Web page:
Atrial fibrillation represents the most common supraventricular arrhythmia above all in patients undergoing cardiac surgery and is associated to an augmented risk of thromboembolic stroke, heart failure, and cardiovascular mortality. That is the reason why cardiac surgeons began to address their attention to how to surgically treat fibrillating patients according to pathophysiological models describing mechanisms of arrhythmia induction and maintenance. A new branch of cardiac surgery was born, leading to a progressive development of adapted surgical ablation techniques, applicable both to lone or concomitant arrhythmia treatment. Historical evolution and current available surgical treatment options are described, beginning from the first pure surgical maze, going through all its modifications in source ablation energies and lesion sets and finishing with current mini-invasive hybrid treatment of lone atrial fibrillation. Indications, patients’ selection, technical options with respective advantages and disadvantages, surgical technique details, complications, and results are fully illustrated. Relationship between pathophysiologic arrhythmia mechanisms and the consequent ablation tailored procedure choice is highlighted, allowing a customized procedural offer to every single patient, resulting in a success rate ranging from 60 to 90%.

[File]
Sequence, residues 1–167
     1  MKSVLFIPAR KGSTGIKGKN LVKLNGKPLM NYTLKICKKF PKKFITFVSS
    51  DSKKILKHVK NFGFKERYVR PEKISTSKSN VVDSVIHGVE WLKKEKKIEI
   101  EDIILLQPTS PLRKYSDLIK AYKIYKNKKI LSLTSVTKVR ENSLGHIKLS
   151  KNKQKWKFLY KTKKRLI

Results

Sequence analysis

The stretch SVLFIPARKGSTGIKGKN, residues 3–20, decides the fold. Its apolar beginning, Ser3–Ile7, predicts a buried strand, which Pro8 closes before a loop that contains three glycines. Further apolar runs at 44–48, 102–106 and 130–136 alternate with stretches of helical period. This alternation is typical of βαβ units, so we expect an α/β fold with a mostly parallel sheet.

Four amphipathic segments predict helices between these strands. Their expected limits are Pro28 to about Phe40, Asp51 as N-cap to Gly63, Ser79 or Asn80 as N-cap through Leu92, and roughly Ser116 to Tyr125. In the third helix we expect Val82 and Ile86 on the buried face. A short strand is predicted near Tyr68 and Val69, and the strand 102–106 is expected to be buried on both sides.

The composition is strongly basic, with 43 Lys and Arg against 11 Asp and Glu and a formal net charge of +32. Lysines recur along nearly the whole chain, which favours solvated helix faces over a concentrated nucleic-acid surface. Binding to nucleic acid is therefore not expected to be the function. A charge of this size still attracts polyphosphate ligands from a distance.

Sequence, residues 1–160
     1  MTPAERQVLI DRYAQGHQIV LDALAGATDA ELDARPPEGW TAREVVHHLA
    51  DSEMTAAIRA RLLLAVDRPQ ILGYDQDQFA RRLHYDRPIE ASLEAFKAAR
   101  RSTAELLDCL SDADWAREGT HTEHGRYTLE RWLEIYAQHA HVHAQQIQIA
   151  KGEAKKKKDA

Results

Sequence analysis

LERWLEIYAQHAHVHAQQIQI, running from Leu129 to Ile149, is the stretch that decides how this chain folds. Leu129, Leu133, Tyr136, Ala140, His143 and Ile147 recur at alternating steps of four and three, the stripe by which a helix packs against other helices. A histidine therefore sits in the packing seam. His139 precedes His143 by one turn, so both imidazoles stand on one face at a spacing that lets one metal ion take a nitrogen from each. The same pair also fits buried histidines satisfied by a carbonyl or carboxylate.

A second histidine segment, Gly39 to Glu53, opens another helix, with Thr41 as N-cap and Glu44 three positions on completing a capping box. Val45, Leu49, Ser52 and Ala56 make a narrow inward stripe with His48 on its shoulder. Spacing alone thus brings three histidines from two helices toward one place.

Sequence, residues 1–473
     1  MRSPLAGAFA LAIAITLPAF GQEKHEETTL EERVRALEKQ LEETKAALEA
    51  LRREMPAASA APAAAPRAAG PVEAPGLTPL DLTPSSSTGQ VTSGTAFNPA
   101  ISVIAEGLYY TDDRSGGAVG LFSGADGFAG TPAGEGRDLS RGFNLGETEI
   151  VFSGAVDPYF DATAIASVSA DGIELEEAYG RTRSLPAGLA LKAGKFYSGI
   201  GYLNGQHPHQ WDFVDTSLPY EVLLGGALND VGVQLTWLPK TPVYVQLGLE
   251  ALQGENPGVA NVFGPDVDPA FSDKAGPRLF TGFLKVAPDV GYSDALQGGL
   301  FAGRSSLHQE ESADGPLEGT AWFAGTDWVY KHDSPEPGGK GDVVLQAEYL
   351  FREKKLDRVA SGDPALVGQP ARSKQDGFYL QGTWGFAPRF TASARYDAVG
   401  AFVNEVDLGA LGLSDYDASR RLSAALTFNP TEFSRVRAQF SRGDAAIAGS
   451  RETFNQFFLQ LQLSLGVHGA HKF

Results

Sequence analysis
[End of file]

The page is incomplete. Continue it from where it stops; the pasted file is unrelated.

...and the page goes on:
Part of the book: Cardiac Arrhythmias